The decisive moment for the administration of Prime Minister Junichiro Koizumi is approaching, and it is one that the Liberal Democratic Party’s elders fear may shatter its decades-long grip on power.
With the Aug. 13 close of the extended Diet session drawing near, LDP leaders are trying to put the contentious government-sponsored postal privatization bills to a House of Councilors vote on Aug. 5.
But the LDP’s in-house battle over Koizumi’s pet project has developed into more than just a battle to reform the state-run postal services. It is a struggle to cripple — if not oust — Koizumi’s Cabinet, which has defied immense pressure from LDP lawmakers since his inauguration in April 2001 to pursue budgetary austerity and reform of inefficient government-linked corporations.
“Frustration has been building up for four years and three months. (The rebellion of LDP lawmakers against the postal bills) is not simply opposition to postal privatization,” Toranosuke Katayama, secretary general of the LDP’s Upper House caucus, told the Japan National Press Club on Tuesday.
“(Opponents) of course have an eye on the post-Koizumi period,” he said, referring the end of Koizumi’s second term as LDP president next year.
Despite the comfortable majority held by the LDP and coalition partner New Komeito, the postal bills cleared the more powerful House of Representatives earlier this month by a razor-thin margin of five votes. Fifty-one members of Koizumi’s party either voted against or abstained from voting on the bills.
Postal privatization is a politically sensitive issue because the network has traditionally been a strong source of votes for many LDP lawmakers.
Opponents of the bills have vowed to scrap them in the House of Councilors. Koizumi, on the other hand, has said he will interpret a rejection by the Upper House as a vote of no confidence in his administration — a remark widely taken as a threat to dissolve the Lower House for a snap election.
Party elders warn that if this happens, the LDP, which has controlled the government since 1955 except for a brief gap between 1993 and 1994, could again slip from power and be unable to stage a comeback this time.
These warnings sound realistic, given the LDP’s waning power in recent elections and the rise of the Democratic Party of Japan, which has developed into the nation’s main opposition force and one capable of squarely competing with the LDP.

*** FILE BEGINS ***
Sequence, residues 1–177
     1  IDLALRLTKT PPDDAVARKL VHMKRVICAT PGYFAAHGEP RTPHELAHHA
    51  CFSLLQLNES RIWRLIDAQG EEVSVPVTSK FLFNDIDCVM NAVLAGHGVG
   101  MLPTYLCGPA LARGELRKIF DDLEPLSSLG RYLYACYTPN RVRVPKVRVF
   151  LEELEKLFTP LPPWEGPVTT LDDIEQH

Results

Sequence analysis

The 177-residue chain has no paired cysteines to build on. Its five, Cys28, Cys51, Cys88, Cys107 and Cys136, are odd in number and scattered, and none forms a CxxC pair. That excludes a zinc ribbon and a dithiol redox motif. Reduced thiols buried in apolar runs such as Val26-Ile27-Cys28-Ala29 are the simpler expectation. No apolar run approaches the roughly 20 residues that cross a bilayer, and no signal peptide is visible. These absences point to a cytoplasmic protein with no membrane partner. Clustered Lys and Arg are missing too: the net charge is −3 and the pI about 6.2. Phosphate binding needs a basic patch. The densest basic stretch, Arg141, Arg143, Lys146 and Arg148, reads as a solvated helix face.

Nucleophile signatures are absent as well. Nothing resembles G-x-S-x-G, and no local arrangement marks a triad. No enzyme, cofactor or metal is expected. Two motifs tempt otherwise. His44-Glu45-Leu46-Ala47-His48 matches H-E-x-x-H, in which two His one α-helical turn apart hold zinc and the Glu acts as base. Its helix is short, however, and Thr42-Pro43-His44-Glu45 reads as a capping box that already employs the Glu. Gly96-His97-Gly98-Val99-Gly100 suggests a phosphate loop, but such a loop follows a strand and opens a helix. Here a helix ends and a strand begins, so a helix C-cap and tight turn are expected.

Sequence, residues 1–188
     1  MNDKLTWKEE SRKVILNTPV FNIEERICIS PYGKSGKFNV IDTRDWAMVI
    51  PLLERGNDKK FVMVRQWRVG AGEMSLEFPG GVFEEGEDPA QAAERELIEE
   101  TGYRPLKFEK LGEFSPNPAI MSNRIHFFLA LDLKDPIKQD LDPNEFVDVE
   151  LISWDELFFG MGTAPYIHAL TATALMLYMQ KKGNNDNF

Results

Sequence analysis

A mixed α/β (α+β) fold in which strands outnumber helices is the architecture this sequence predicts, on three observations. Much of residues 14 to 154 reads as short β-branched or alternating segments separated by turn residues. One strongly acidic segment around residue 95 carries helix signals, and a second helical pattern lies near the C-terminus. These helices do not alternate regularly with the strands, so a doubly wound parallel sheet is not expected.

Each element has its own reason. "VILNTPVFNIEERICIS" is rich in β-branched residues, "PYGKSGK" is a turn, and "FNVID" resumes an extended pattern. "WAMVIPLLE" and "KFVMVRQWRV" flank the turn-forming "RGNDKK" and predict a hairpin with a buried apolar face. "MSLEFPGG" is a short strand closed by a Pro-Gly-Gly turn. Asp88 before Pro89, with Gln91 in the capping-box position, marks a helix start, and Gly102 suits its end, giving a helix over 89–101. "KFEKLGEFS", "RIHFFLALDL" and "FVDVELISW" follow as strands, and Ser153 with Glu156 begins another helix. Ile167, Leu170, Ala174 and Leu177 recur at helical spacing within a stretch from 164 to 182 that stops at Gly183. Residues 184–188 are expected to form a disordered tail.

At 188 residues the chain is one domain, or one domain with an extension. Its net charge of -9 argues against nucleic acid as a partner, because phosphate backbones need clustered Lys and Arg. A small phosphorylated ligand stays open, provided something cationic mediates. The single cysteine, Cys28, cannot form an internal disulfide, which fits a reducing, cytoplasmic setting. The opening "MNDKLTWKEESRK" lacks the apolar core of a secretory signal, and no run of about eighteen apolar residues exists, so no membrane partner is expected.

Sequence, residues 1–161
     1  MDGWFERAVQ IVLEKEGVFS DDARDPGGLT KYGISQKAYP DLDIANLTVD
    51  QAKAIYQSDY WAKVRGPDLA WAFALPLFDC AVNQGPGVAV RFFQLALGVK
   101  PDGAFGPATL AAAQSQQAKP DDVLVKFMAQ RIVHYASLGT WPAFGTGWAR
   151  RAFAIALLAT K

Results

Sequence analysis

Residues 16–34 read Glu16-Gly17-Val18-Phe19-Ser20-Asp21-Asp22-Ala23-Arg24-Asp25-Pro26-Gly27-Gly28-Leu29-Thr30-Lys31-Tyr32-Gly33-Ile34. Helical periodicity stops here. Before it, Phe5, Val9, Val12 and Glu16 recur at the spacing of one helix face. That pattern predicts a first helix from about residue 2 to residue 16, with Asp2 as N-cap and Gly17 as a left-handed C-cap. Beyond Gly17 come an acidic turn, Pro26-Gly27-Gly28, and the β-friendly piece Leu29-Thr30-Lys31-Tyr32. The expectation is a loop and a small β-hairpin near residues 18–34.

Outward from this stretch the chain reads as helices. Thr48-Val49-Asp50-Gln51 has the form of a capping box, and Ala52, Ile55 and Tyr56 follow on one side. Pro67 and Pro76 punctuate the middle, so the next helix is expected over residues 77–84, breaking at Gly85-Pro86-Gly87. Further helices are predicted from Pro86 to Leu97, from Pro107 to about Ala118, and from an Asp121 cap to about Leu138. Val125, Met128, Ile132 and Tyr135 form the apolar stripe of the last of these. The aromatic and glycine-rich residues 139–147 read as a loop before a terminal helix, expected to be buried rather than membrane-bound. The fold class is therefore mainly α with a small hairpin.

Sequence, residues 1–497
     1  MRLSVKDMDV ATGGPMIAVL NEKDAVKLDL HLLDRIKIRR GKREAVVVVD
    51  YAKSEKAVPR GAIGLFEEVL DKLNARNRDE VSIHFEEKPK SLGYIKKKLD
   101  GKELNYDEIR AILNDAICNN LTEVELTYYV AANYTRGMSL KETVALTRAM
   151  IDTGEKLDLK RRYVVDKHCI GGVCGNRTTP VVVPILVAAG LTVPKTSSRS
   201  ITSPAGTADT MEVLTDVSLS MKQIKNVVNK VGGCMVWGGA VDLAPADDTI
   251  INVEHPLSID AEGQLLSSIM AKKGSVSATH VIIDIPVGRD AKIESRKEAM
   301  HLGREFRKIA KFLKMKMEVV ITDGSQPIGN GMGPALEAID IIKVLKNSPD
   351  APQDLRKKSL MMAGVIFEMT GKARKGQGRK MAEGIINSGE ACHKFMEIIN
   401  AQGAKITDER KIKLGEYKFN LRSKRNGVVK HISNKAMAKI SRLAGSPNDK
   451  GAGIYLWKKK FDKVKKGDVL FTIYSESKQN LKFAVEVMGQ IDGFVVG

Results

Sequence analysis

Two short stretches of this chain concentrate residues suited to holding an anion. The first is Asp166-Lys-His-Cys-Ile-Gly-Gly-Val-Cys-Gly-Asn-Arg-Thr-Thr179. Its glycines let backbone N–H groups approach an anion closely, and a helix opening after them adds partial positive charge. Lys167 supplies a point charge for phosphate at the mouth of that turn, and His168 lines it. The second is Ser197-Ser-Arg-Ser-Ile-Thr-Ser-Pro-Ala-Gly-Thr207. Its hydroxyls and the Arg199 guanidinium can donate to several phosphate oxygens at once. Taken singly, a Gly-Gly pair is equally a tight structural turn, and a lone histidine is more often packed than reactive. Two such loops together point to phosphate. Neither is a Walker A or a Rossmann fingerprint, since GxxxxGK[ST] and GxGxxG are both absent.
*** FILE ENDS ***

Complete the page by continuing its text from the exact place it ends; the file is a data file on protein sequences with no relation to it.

In addition, a general election after a Lower House dissolution would in a sense be a contest between pro-Koizumi and anti-Koizumi forces in the LDP — a scenario its executives warn can only benefit the DPJ. Party leaders have said lawmakers who failed to support the bills will not be endorsed as LDP candidates in the election.
“The political situation would be extremely fluid. The LDP of the old days would’ve been able to make a comeback even in such a situation,” Katayama said. “But this time I don’t think we can.”
Media polls seem to back Katayama’s concerns. According to a July 16-17 poll conducted by the Mainichi Shimbun, a vernacular daily, 35 percent of the 1,077 respondents said they wanted the DPJ to win more seats in the next House of Representatives election, compared with 25 percent who said they wanted the LDP to win more.
When the postal bills squeaked through the Lower House earlier this month, Koizumi admitted the rebellion in his party was larger than he had anticipated. Now they have to go through the Upper House, where the situation is tougher. The ruling coalition’s advantage in the upper chamber is narrower, and the bills can be rejected if 18 or more LDP defectors vote with the opposition.
LDP executives, including Katayama, call the bills’ chances 50-50 at best.
“Frankly speaking, I think (the bills) would be voted down if they were put to a vote right now,” LDP Deputy Secretary General Shinzo Abe reportedly told a group of businesspeople in Tokyo on Tuesday.
Koizumi himself said last week that he believes around 10 LDP members in the chamber have already decided to vote against the bills, and that another 20 could join them.
Postal privatization has thus turned into a game of chicken between Koizumi and his party mandarins. But some members warn that if Koizumi loses and calls a snap election, the real loser will be the LDP.
The party leadership is hoping the anti-Koizumi factions blink first.
“Everybody knows the result will be political chaos if the bills are voted down,” said Lower House member Taku Yamasaki, a longtime Koizumi ally, on a TV show Sunday. “(The postal confrontation) will end in predetermined harmony” as the two sides decide to cooperate on the bills at the last moment, he predicted.
But even if Koizumi succeeds in getting the postal bills by the Diet, his clout in the LDP is likely to fade anyway, as attention in Nagata-cho turns to possible successors when his term as LDP president ends in September 2006.
Many of his rivals are already increasing their media exposure in the apparent belief he will effectively be a lame-duck leader for the next 13 months after the postal battle ends.
Among them are former trade minister Takeo Hiranuma, who has floated the idea of forming a new party if Koizumi dissolves the Lower House.
Another is Finance Minister Sadakazu Tanigaki, who said at a recent business seminar that he would compile comprehensive economic polices if he joined a new LDP presidential race.
There’s also Seiko Noda, who has pledged to make a run to become Japan’s first female prime minister. Noda is one of the most vocal opponents of postal reform, and both she and Hiranuma were among those who risked their LDP careers by voting against the bills in the Lower House.
“I don’t think you should bring up post-Koizumi issues in this process (of the postal reform),” Katayama said. “But maybe they believe that otherwise they can’t put any punch” in their images as contenders for future LDP president, he said.